The Invasion

The Invasion

Film review by: Witney Seibold

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            Body snatching is one of those sci-fi conceits that will always be with us, as it taps into some of our more basic fears. What if the people you know and love continue to look the same, but become secretly malevolent? Or what if your own body was invaded by an outside force, and your personality undergoes a startling change that you seem to have no control over. These are fine and scary concepts. The body snatching conceit has been used in many films and even more television shows. It’s a regular staple of the “Star Trek” universe. It’s often used as a sociopolitical allegory (Communism/conformity in the 1950s, drug culture in the 1970s, adolescence/teen sexuality in the 1990s), and it’s responsible for some of the best sci-fi films, as well as some of the worst.

 

            “The Invasion” leans more toward the latter.

 

            To clarify, “The Invasion” is a taut thriller. The chases are tense, and the slow takeover of the populous by an alien spore is effective. The music (by John Ottman) is excellent, and the performances are more maligned than they should be; Daniel Craig can’t help but be good, and Nicole Kidman does not do her ice queen shtick as has been commonly spread. The story is familiar, but not horribly so… But “The Invasion” is still not very good.

 

            The story: A virus from space lands on Earth on the back of a crashed space shuttle. It soon mysteriously infects everyone nearby, including powerful scientist Tucker (Jeremy Northam), ex-husband of a powerful New York shrink named Sharon (Kidman). A few of Sharon’s patients soon begin complaining about their relatives not being who they are (Veronica Cartwright chief among them). Tucker then starts asking to babysit his and Sharon’s son Oliver (Jackson Bond) more often than usual. Yup, something’s fishy alright. Sharon asks two of her doctor buddies (Craig and Jeffrey Wright) to look into the thing, and they discover that the virus has been subjugating people’s minds, snatching bodies, etc. Sharon must hide emotion, protect her son, and avoid going to sleep (as that’s when the virus will take over her mind). Oh, and people are infected by vomit, so be prepared to watch a lot of facial barfing.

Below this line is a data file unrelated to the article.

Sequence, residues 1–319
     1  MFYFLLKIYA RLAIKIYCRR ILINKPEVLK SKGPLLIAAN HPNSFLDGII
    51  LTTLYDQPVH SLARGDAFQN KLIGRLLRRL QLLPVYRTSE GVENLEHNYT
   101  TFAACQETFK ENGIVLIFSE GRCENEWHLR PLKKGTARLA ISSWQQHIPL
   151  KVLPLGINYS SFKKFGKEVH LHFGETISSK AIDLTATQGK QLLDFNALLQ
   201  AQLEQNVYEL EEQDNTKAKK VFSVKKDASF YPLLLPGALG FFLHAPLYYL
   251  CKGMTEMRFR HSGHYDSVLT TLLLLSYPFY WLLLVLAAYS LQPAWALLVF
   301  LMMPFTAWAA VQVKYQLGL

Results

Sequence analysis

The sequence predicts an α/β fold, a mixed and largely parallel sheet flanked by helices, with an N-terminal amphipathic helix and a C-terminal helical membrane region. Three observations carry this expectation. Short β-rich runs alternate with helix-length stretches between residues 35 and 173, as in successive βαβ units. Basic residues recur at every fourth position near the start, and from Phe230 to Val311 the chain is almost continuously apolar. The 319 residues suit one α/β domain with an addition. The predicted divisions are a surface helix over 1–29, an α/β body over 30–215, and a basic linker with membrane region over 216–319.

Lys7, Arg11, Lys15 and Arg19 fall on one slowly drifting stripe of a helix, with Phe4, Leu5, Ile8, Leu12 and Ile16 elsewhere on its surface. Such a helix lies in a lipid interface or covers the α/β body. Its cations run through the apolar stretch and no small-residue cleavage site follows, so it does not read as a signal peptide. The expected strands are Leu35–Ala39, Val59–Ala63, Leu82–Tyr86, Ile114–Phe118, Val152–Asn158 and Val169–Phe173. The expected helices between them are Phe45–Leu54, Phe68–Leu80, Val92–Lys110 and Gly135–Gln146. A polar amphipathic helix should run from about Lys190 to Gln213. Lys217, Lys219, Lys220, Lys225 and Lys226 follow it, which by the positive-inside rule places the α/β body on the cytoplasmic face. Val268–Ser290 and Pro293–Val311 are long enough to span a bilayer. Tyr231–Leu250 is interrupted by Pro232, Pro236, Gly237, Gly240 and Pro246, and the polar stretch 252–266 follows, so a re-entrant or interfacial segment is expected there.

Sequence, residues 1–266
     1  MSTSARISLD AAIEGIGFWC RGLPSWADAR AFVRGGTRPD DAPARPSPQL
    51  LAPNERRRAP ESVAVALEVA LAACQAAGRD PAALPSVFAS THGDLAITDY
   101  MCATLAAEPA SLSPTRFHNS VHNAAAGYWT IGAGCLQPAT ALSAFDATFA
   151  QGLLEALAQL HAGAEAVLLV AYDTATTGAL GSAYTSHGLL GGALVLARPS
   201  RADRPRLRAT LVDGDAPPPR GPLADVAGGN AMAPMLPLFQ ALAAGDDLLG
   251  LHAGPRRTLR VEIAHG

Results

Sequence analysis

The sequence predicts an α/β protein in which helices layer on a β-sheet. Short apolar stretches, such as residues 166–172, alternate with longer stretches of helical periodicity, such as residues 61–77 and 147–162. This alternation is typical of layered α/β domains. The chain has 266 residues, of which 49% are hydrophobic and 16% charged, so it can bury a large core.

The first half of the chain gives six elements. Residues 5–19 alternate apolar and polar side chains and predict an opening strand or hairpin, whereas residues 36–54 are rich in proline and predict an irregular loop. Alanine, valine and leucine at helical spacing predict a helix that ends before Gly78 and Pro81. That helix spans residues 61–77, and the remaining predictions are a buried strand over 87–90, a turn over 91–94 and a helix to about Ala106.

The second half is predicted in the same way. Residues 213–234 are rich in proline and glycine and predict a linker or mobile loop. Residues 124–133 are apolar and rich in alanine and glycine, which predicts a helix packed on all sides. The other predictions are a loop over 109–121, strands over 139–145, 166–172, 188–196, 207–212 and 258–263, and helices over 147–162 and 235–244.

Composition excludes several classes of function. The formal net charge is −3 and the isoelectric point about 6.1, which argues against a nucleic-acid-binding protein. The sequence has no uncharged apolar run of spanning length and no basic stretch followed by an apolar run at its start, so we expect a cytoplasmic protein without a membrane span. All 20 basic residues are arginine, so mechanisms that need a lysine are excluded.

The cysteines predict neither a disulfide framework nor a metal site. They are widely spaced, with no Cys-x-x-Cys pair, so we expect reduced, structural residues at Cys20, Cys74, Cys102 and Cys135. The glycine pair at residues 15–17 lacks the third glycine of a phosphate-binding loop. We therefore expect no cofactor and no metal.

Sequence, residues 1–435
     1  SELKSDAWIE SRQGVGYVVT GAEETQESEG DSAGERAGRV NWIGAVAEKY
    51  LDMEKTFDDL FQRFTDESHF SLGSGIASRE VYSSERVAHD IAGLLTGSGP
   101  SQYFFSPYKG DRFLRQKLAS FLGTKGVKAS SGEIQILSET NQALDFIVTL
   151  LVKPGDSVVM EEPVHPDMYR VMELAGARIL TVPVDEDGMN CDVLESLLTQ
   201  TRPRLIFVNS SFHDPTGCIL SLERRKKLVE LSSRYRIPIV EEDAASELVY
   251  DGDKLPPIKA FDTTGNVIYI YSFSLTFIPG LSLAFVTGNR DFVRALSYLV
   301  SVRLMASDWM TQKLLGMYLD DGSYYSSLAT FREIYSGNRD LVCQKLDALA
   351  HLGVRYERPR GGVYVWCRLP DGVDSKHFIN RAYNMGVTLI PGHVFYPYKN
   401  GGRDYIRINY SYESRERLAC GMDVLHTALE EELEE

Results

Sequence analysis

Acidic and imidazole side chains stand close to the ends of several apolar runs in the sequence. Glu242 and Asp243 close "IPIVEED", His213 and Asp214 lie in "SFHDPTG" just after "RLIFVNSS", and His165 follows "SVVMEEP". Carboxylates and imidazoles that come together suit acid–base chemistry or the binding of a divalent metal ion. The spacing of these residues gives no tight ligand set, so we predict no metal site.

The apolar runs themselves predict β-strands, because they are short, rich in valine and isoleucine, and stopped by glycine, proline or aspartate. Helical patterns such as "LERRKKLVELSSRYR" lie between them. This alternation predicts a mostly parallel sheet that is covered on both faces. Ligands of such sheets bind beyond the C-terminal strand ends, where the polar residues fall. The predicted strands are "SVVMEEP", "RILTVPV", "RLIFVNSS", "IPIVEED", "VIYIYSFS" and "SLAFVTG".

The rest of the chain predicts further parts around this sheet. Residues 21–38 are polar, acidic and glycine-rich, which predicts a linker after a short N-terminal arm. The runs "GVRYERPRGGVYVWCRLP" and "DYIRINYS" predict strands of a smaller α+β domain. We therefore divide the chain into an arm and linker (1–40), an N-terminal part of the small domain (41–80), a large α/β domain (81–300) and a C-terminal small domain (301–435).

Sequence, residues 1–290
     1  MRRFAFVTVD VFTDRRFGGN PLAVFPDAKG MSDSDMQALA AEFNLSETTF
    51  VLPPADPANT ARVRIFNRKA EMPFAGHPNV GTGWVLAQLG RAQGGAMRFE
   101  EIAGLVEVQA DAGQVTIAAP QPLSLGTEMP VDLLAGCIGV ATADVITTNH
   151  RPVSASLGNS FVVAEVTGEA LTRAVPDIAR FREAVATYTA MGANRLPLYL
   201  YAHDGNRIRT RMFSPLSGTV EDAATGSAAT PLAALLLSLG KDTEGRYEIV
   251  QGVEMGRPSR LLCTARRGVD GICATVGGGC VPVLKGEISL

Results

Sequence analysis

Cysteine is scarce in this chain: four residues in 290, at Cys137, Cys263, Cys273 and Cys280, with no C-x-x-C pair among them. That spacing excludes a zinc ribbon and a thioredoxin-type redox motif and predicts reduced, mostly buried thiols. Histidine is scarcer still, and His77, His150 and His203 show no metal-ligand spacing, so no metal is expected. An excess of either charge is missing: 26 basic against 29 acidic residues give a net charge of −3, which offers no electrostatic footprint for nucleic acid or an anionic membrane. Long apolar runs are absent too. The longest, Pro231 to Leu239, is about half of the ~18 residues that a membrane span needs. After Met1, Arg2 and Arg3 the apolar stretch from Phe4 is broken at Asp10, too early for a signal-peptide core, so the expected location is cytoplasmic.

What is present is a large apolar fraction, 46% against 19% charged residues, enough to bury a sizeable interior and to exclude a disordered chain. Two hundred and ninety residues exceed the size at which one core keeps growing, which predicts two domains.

Had “The Invasion” stuck to being a straightforward thriller, it would have been a fine one. Not revolutionary, but passable. It’s when the film starts to inject political allegory into its story that it starts to feel, well, stupid. News reports show that the rest of the world is signing peace accords. The Iraq war ends, and the Israeli/Palestinian stuff neatly draws to a close. The aliens, the film suggests, are so calm and emotionless that war will cease to exist. So what is the film saying, that horrible and expensive quagmires are intrinsic to our nature? That we must fight to keep them going as signs of our humanity? That’s it’s better to have wars and humanity than peace and alien intelligence? That’s not a very good message. How does the Iraq war symbolize our triumph as a species? Or is the film trying to strike against the Fox News conformity of media hype? It’s never made very clear.

 

            And, to make matters worse, the film has some of the poorest editing I’ve seen in a mainstream thriller. I suppose the editors were trying to salvage a bad production (the director was reportedly changed halfway through from credited Oliver Hirschbiegel to uncredited James McTiegue), but made some weird choices anyway. A few times throughout “The Invasion,” we cut to a chase scene before the previous scene was really finished, and then cut back to the unfinished scene to give more exposition, then back to the chase again. I think it’s supposed to stretch the tension, but it only stretched my patience.

             Instead of watching “The Invasion,” track down the original Jack Finney novel, put on John Ottman’s score, read the book, and you’ll have a better time.

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Published in: on September 4, 2007 at 9:30 pm  Leave a Comment  

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